ESPN's Jaworski breaks down the Redskins
Monday, December 21, 2009
MT. LAUREL, N.J. -- When the New York Giants visit the Washington Redskins, ESPN broadcasters will have the benefit of 29 cameras trained on every nook and cranny of FedEx Field. But a few days before rolling into town for "Monday Night Football," those same analysts rely on just two angles, coming from the same cameras that shoot the coaches' film that teams across the league rely on each week.
Last Thursday in Ashburn, the Redskins introduced Bruce Allen as general manager, charged with charting a new course for the future. That same day, about 175 miles northwest, Ron Jaworski was busy preparing, too.
"Oh, did you see that? [Stephon] Heyer just got nuked right there! Look at this," he said, rewinding the video for the thousandth time. "Look out, Jason. Here it comes again."
Jaworski, ESPN's veteran analyst who will be in the booth for Monday night's game, heads to his office at NFL Films' complex outside of Philadelphia and usually begins breaking down film mid-week.
Last Thursday, as the franchise tried to turn a corner from a news conference lectern, Jaworski was in his office reviewing footage from the previous week's Redskins-Raiders game. He'd already watched it a day earlier, and he'd likely watch it a couple of more times before Monday's kickoff.
Just like his days as an NFL quarterback, Jaworski's eyes usually start on the safety, but after watching each play at least a half dozen times from both angles -- one camera is a sideline view and the other is stationed in the end zone -- what Jaworski sees on video reveals something not just about the team that will take the field against the Giants, but it tells a lot about what kind of shape the roster is in going forward.
'You can win with this guy'
In the corner of his office sits a big-screen television. It's connected to a computer system that has access to thousands of NFL games. Jaworski could sort them in just about any manner -- third-down running plays, touchdowns of 20 or more yards, two-minute offense, tackles for loss.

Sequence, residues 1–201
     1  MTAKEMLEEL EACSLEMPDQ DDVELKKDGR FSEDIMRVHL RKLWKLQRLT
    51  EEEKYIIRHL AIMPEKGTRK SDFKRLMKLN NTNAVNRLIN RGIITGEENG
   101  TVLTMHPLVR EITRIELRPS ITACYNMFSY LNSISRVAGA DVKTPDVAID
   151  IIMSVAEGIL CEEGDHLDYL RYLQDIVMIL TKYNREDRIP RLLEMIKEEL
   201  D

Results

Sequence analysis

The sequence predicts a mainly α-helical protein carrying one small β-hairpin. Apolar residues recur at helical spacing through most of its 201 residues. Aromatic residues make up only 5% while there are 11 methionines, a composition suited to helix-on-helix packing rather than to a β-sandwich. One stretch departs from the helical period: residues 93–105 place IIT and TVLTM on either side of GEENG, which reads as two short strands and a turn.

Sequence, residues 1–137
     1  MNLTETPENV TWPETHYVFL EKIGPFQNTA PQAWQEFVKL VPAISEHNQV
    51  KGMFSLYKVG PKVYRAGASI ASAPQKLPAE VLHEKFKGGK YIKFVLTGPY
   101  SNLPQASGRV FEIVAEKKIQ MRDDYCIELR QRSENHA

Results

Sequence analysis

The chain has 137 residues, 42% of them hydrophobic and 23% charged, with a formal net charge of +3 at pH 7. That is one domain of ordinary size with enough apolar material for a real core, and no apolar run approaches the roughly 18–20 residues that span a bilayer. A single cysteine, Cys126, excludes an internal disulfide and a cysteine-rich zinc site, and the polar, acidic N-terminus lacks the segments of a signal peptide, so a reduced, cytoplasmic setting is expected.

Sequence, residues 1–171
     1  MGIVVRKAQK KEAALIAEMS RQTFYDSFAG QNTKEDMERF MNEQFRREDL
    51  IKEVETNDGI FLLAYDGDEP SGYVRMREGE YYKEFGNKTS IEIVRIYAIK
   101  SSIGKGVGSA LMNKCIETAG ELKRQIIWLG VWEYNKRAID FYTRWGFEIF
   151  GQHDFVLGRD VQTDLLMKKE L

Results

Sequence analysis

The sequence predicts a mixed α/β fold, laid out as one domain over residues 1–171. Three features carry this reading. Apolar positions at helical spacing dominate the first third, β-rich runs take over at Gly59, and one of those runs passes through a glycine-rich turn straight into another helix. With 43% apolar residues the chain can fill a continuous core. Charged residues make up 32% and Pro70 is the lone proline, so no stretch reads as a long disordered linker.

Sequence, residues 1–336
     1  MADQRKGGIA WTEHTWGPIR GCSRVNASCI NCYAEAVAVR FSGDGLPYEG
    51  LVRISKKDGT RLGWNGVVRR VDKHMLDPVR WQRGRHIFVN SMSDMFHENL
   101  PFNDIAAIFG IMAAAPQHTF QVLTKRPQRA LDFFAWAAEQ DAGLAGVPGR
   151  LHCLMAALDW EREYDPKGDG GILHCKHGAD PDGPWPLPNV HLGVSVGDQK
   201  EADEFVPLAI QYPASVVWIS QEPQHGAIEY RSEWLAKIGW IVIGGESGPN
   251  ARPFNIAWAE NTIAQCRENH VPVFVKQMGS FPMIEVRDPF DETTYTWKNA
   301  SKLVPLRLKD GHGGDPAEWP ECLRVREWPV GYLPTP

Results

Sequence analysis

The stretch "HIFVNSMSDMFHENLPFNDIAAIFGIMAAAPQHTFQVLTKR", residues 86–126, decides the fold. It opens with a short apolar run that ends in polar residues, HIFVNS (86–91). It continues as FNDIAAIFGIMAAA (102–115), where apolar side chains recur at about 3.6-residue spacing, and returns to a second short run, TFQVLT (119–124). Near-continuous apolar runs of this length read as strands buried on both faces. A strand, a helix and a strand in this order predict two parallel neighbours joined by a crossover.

As he combs through tape of the Redskins-Raiders, he's especially interested in Jason Campbell and the quarterback's continued development. When he first watched the tape, he was impressed with Campbell's performance out of shotgun and his success on first downs (93 of 145 with six touchdowns and a passer rating of 99.2).
The Redskins will have to decide at season's end whether Campbell figures into their plans next season. The fifth-year quarterback is a restricted free agent, which means Washington can match any other team's offer.
A year ago, Jaworski tabbed Campbell as an MVP candidate through the first eight games of the season. Despite a difficult final eight games last year and uneven play this season, Jaworski still likes what he sees, stating firmly: "I don't think you need to start over at quarterback. You can win with this guy.
"He needs a stable environment, he needs a better supporting cast. But as I look at some other quarterbacks around this league, the Redskins should be thankful to a certain degree that they've got this guy," Jaworski said. "Is he there yet? No. But you can see the fundamentals are in place; the clay is starting to be formed."
As Jaworski goes through the game film, two things stand out: the poor pass protection and the way Campbell consistently shakes off vicious hits. He still thinks Campbell has some mechanics problem and struggles to throw on the run. The quarterback is making better decisions than he has in the past but doesn't always make proper adjustments.